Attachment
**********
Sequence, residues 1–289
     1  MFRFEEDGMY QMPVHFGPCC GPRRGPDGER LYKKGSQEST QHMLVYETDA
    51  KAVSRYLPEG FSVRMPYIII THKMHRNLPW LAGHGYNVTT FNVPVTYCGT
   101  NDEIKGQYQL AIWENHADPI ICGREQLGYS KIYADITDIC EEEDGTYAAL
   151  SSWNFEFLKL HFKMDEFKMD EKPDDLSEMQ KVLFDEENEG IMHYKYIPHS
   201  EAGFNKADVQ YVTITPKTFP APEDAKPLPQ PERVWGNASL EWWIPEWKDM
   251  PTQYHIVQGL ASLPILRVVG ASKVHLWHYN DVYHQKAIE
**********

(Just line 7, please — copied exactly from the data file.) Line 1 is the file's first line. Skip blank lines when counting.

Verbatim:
   251  PTQYHIVQGL ASLPILRVVG ASKVHLWHYN DVYHQKAIE